Years pass. I am lying on a bed in a hotel room. It’s thousands of miles from home. I am listening to this. I see an orchestra playing grand themes in a huge stadium – the violins sing and cry in my ears; I hear an audience lapping it up as spotlights illuminate the corresponding instrumentalists. I am on a boat in the middle of the Med, sailing by islands and small pockets of civilisation. The sun hates me. But then it’s cloudy. I’m indiscernibly hit by sea air, and these rather cool-looking shades I bought at Luton airport will end up making me look like a panda – ironically a creature that everyone wants to get laid though it chooses not to…
But I can enjoy the music. I can enjoy the moments. I am going through the motions, though I don’t really know where I am going, or if I’m on the right track; I suspect not. I can kid myself that I can enjoy it all, or forget everything – because ignorance is bliss. No it’s not. Yes, it is.
The sun is sleeping quietly. I know this song – but only after this night does it carry its weight. If I’ve never known what it means to want a night-time to last a lifetime, I do now. I look at her. We laugh – we always laugh. She always makes me laugh. I always make her laugh. Can she surely feel the same way? It’s bitterly cold. We sit and talk for hours, and hours. The music is deafening but all I hear is her. We admit there’s something there. In the taxi home, I tell her about this song – and how it is this night.
And it’s many other nights. It’s a cold night with stars; it’s a warm summer night on the grass. If ignorance is bliss then I’ll live in agony, because this is exactly how it should be. I love the sun. The sun loves me. What do I have to care about or be insecure about? If love is the reflection of your values and ideals then I must be beautiful and wonderful. I am young and timeless.
Music fills my soul like breath fills the lungs, and it’s carried with each movement. It all comes together, and the discordant lines of the past seem to plot a path on the map, and the destination happens to be you! What are the odds?! And it makes sense. I understand now. Each step is a skip, every run is a flight. Every moment is anticipation, and the world revolves around us.
But perhaps it was spinning too fast. You can’t beat reality. Every day overtaking the world was another day it was catching up. And it can run faster – and it doesn’t get tired. And each day it spins it took you away, like the outgoing tide. Each rise and fall you can barely detect, but eventually… That moon that lit up our sky took the tide away. Hey, if salt water is all it takes I’ll have you beat.
Hope Fails. Where is my eucatastrophe? The music that is the Flying DeLorean in my mind is symphonic anguish and belittling torture. Do you know what you’re doing to me? I used to like to listen to you. You told my favourite stories, and here you are dragging me back? Who do you think you are? I am old and dying.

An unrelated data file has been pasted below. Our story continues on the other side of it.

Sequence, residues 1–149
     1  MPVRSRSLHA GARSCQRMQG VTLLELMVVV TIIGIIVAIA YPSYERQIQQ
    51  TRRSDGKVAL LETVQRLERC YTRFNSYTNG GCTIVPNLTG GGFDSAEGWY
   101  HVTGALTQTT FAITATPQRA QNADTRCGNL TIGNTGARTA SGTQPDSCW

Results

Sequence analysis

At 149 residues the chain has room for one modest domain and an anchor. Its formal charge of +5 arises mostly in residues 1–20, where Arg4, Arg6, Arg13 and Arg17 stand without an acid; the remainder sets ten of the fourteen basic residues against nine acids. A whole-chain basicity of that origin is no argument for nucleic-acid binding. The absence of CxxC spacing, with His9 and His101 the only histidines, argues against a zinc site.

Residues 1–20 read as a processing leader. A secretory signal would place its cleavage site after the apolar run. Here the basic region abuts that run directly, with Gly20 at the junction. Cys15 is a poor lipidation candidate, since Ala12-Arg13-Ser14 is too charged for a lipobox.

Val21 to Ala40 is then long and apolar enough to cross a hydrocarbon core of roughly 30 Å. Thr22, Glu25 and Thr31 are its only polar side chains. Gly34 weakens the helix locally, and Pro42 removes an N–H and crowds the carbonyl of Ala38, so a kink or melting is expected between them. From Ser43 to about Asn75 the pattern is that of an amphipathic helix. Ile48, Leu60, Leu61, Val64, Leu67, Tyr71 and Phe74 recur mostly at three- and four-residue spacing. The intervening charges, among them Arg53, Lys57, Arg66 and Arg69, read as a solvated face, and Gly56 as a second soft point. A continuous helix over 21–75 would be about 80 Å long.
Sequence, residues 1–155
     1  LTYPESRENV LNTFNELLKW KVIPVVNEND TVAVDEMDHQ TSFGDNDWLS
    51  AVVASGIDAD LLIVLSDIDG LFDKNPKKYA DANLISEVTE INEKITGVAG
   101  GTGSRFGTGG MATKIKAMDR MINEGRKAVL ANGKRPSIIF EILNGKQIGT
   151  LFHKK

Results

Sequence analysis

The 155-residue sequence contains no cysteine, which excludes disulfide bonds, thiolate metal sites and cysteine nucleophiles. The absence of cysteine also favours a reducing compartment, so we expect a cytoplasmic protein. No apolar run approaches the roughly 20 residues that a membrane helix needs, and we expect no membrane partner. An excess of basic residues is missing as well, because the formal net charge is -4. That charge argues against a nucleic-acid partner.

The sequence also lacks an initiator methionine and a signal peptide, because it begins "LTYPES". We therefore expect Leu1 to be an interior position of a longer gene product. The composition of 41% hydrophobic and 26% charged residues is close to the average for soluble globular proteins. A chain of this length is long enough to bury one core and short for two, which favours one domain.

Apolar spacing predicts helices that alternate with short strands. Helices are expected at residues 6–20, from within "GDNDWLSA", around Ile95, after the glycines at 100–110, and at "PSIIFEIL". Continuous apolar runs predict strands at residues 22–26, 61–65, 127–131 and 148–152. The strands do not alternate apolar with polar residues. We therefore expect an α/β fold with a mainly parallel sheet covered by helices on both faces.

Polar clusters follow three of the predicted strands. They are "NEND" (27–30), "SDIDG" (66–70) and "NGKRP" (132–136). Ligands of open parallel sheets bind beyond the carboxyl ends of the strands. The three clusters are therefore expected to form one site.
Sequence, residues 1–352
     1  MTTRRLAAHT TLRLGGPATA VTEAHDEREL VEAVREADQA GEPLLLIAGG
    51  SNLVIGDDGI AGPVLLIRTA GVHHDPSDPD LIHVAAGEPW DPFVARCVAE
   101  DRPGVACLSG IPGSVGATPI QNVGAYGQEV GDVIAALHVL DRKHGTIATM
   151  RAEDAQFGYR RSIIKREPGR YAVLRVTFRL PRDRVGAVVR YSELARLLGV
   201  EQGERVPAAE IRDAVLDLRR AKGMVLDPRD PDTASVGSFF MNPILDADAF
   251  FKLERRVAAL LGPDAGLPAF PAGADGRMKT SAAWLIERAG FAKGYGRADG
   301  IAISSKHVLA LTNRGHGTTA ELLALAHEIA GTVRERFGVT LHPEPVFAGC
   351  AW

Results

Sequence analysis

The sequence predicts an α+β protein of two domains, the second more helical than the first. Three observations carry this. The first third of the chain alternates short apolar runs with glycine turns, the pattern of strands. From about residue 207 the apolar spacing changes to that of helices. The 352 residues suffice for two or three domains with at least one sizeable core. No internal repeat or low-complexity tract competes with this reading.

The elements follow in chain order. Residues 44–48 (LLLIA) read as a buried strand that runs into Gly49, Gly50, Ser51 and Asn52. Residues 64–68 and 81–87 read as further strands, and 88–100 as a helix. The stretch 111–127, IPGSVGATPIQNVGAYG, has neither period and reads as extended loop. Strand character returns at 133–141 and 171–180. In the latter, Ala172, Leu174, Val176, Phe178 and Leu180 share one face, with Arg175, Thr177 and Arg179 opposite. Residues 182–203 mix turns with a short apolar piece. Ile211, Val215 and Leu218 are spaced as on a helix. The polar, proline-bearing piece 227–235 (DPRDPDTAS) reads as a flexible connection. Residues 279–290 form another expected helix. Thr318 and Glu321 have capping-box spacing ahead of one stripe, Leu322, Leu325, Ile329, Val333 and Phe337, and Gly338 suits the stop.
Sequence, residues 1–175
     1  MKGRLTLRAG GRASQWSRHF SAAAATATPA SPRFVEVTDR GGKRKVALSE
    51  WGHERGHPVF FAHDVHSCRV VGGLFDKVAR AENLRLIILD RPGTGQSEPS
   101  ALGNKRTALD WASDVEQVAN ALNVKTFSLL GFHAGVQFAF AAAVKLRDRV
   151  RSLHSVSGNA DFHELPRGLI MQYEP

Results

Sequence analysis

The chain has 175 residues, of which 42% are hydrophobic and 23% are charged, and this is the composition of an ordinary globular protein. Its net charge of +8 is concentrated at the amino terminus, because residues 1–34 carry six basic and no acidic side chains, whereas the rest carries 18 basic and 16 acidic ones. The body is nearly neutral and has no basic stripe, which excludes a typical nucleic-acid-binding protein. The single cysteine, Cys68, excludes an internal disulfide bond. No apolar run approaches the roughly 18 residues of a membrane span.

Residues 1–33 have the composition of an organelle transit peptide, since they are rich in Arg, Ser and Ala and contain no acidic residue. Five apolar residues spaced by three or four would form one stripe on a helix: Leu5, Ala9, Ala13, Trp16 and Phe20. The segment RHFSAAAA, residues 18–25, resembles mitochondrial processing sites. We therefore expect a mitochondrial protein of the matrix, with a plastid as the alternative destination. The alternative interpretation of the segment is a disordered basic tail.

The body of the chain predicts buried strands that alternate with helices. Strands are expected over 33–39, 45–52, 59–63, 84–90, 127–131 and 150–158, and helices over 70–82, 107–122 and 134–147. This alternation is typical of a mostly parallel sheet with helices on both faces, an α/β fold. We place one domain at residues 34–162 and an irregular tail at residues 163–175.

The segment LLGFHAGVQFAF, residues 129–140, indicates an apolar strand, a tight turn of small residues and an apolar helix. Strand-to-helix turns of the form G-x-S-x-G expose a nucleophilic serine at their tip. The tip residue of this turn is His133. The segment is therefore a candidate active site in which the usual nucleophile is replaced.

It’s a long boring struggle to stand up again. It can happen. It doesn’t always, and there’s no rule why it should.
Would it be bliss to die with you? To die by your side wouldn’t be the worst way to go. In fact, if I were to die with you, I can handle that – who else would need to affirm my life? Who else could? Maybe you’re the only one who can.
Music is the food of the soul; the emotion it inspires is the response to your values in the context of your life and its circumstances. As concepts are mental integrations of identified existents, so musical meaning is a personal concept created in your mind by music tied to an event; ties like space-time geodesics that curve into the past, and all you have to do is flick a switch. What kind of being deserves such majesty and encumbrance?
But the beauty of music, as all art – is not only that every song is a memory, but a glimpse of a possible future. Not always a description, but a prescription. Not always a glass for looking, but for scrying. Not how things are or were, but what might be.
I don’t know what that will be. Music will always be there, like time; something that goes with us along the way. The threads it creates are those your mind confects to the past and a possible future. But the music accompanies the events, not predicts them. So, as with everything else – our future is up to us, inasmuch as we can make a difference. We can only hope that music is our friend for the ride.
(Here are the songs I referenced: Savage Garden – You can Still be Free, Five – Keep on Moving, U2 – Walk On, Tsar – The Girl Who Wouldn’t Die, Howard Shore – Hope Fails (LOTR OST), Mike Oldfield – The Sentinel, Cheap Trick – Surrender, The Cure – Friday I’m in Love, Coldplay – Viva La Vida, The Smiths – There is a Light That Never Goes Out, Amy MacDonald – My Only One.)